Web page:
Orlando apologises for saying many people won’t want to ‘celebrate’ 4th of July

Orlando apologises for saying many people won’t want to ‘celebrate’ 4th of July
The city noted that ‘division, hate and unrest’ have permeated American society

The city of Orlando incensed conservatives after it released a statement questioning whether or not it was appropriate to celebrate the Fourth of July at a time when so much “division, hate and unrest” permeates American society.

The statement was made in a 1 July email newsletter promoting the city’s annual “Fireworks at the Fountain” event, according to NBC News.

“A lot of people probably don’t want to celebrate our nation right now, and we can’t blame them. When there is so much division, hate and unrest, why on earth would you want to have a party celebrating any of it?” the statement said.

The email infuriated some local residents and conservative politicians. A local police union also complained about the “disrespectful” and “inflammatory” message.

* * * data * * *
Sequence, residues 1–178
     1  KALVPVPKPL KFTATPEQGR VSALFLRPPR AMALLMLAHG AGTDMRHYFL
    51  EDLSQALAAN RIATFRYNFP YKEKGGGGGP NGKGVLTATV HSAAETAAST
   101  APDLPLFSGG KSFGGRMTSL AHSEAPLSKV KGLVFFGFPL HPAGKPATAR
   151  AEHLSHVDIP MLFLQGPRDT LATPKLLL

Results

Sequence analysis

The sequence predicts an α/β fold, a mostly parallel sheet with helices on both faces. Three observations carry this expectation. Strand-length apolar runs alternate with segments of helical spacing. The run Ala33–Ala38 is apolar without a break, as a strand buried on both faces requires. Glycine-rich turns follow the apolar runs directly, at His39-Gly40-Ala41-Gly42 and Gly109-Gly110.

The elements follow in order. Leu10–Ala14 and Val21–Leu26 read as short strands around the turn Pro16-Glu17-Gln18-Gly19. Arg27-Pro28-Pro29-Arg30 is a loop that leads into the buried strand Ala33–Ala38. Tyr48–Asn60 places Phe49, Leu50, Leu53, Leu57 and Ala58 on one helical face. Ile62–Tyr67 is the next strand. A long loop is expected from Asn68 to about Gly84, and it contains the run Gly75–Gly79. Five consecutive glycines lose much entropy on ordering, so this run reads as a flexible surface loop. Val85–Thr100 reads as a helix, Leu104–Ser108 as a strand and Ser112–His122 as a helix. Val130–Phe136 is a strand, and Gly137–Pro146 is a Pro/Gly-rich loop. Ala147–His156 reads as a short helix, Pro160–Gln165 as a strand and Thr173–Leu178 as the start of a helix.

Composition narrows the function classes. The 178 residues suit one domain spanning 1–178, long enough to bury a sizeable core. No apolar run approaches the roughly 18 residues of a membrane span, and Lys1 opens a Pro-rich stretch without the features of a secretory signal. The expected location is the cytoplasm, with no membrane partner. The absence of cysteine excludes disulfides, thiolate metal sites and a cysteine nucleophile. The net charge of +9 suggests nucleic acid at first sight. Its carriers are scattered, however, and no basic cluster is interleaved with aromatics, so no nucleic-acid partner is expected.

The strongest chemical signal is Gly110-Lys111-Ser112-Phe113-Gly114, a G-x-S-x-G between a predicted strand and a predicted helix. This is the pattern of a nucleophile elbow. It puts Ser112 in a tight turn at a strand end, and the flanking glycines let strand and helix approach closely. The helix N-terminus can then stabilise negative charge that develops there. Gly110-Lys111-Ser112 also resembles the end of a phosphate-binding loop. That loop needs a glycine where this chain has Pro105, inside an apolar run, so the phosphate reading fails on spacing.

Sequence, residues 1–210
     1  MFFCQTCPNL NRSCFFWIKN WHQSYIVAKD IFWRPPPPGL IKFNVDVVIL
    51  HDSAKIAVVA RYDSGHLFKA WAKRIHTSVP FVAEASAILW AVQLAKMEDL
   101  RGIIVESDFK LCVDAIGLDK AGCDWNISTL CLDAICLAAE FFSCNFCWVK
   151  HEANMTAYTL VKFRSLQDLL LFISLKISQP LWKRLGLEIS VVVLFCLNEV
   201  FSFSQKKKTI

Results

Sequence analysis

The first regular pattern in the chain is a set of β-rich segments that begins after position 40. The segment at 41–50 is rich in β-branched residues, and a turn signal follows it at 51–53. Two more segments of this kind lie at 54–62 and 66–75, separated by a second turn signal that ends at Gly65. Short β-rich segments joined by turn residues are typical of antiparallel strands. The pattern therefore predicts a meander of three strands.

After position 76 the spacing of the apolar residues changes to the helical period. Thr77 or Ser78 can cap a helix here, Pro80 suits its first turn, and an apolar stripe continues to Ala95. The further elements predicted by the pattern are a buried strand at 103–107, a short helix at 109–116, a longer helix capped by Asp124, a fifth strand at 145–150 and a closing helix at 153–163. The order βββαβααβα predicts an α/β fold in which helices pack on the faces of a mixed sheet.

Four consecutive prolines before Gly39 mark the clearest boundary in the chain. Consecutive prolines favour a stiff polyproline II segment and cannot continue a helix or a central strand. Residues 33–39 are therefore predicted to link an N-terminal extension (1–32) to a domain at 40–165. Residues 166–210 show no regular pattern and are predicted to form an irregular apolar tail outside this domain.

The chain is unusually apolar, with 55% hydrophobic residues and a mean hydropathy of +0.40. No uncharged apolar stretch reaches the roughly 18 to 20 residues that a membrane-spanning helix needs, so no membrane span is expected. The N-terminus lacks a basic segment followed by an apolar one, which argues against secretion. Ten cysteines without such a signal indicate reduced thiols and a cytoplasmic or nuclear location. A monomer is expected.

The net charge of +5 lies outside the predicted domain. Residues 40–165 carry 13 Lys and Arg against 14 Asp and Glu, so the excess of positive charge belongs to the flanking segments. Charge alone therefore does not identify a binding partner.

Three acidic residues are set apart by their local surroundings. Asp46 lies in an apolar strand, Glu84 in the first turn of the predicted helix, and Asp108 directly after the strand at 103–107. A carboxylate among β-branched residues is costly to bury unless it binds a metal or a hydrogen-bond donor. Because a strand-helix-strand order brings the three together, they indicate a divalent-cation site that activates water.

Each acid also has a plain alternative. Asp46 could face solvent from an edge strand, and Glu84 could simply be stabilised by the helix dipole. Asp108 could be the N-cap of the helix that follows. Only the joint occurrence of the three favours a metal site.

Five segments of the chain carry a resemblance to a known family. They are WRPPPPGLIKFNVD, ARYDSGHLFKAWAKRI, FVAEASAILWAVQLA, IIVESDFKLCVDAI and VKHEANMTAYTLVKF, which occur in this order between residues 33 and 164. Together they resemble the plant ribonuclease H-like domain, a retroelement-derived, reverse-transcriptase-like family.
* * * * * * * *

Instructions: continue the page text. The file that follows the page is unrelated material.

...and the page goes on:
Florida Governor Ron DeSantis’s press secretary, Christina Pushaw, took to Twitter to complain that the city did not parrot patriotic platitudes.

“Yikes. City of Orlando, is this your official position on our country and on the 4th of July?” she asked, alongside a screenshot of the city’s statement.

The conservative backlash against the city exercising its freedom of speech prompted officials to issue an apology on social media.

“The City of Orlando sincerely regrets the negative impact our words have had on some in our community,” the statement said. “We understand these words offended some of our residents, which was not our intent. We value the freedoms we have in this country and are thankful to the men and women who have fought and continue to fight for those. We take pride in celebrating the 4th of July to express our gratitude to those men and women and honor the country we live in.”

The city’s message was celebrated by some supporters, many citing the recent overturning of Roe v Wade as a reason for mourning during a time traditionally set aside to celebrate the nation’s independence.

“You said what a lot of us are thinking and expressing to those around us,” a Facebook user said on the city’s apology post. “Not only should you not apologize, you should be applauded for raising what so many of us are feeling.”

Despite conservative protests, polls suggest the city is correct in its assessment of the general mood in the US. A Fox News poll released last week found that only 39 per cent of Americans are “proud” of the US, down 12 points from June 2017.

The city’s criticism was tragically reflected on the Fourth of July when a mass shooter killed at least five people and injured another 19 in a mass shooting in Highland Park, Illinois.